The article is divided into three major sections. Section I traces the development of a separate doctrine of “congressional standing.” It examines the doctrine's development from the Supreme Court's initial consideration of legislative standing through the current opinions of the United States Court of Appeals for the District of Columbia Circuit. Section II then analyzes three possible theories of congressional injury and standing. Derivative, representative, and third-party standing theories are all rejected as a basis for congressional standing. While rejecting the suggestion that congressmen possess a personal interest in “their” votes sufficient to constitute the “distinct and palpable injury” required for article III standing purposes, the article finds that truly direct injury to an individual Member of Congress is a proper predicate for congressional standing. Section III next considers the circumstances under which the Congress, as an institution, might possess standing and concludes that suits initiated by Congress would not suffer from the same deficiencies as do suits brought by its individual Members. Accordingly, this section of the article concludes that, in appropriate circumstances, the courts should recognize the standing of the Congress to sue the Executive.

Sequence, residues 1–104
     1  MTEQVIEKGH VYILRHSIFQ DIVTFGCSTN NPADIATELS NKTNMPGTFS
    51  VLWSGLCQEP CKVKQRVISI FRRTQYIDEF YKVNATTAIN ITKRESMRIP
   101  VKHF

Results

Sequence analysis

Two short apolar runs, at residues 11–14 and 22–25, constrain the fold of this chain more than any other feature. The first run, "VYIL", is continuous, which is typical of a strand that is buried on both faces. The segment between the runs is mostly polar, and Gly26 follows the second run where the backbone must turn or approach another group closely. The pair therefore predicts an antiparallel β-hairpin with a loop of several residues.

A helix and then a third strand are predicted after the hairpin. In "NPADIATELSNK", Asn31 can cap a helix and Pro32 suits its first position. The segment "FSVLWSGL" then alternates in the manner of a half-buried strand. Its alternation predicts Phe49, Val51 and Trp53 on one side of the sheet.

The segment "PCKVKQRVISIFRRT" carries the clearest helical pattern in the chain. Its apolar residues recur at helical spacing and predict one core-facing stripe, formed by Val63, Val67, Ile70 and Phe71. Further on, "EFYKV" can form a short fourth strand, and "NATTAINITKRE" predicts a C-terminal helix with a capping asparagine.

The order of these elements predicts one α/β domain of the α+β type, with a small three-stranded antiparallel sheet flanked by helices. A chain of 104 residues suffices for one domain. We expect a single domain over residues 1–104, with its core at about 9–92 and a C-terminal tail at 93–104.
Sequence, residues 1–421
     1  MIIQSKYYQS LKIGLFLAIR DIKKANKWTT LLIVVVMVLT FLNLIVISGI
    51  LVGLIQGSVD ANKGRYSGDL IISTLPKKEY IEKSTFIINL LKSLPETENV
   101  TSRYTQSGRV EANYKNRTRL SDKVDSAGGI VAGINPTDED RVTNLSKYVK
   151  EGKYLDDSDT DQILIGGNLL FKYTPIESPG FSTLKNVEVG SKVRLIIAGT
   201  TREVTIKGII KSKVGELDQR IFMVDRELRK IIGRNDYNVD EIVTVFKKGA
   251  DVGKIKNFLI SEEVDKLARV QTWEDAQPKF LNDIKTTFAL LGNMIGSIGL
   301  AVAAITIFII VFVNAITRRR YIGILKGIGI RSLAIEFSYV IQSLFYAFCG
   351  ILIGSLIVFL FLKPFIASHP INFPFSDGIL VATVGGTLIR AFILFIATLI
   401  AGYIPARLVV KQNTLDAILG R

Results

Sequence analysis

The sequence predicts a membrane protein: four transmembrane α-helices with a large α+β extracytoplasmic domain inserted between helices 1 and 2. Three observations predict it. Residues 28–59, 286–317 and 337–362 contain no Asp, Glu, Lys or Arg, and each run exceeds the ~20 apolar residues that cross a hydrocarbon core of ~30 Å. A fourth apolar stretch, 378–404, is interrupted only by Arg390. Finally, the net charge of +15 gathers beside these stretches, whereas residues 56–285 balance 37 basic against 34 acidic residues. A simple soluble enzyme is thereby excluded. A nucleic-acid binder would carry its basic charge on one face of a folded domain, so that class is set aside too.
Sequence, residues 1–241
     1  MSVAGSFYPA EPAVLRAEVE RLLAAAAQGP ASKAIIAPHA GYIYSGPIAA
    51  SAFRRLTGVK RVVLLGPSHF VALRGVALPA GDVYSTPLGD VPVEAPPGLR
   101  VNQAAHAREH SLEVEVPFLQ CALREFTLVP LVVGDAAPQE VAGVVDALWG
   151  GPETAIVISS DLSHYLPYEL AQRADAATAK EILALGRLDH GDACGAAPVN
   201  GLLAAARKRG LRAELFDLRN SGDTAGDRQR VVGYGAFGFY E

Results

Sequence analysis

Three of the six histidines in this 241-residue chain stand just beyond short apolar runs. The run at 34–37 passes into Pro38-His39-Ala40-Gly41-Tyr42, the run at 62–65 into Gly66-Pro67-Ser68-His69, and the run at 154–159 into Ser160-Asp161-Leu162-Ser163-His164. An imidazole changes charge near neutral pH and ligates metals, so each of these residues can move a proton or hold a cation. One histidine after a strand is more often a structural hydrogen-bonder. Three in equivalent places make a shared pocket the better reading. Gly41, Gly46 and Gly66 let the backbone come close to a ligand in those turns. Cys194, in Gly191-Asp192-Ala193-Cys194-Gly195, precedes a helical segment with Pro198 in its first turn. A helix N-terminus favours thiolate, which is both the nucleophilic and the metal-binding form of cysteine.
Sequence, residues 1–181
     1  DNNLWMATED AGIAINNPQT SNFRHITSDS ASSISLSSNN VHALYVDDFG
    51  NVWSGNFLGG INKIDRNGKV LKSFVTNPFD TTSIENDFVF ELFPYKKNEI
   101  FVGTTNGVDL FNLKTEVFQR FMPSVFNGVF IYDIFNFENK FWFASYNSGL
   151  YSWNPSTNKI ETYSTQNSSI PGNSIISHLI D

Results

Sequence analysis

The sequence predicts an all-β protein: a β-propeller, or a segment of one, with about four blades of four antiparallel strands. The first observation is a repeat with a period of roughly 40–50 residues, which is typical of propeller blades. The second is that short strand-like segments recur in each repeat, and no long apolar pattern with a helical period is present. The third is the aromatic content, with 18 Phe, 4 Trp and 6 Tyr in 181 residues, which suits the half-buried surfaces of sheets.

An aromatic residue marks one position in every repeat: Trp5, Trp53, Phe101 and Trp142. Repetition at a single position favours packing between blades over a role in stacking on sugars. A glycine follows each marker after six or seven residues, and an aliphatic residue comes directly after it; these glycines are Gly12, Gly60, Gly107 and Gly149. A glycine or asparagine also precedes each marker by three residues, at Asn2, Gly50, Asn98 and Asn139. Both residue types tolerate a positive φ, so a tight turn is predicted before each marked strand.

R. Lawrence Dessem, Congressional Standing to Sue: Whose Vote Is This, Anyway?, 62 Notre Dame L. Rev. 1 (1986)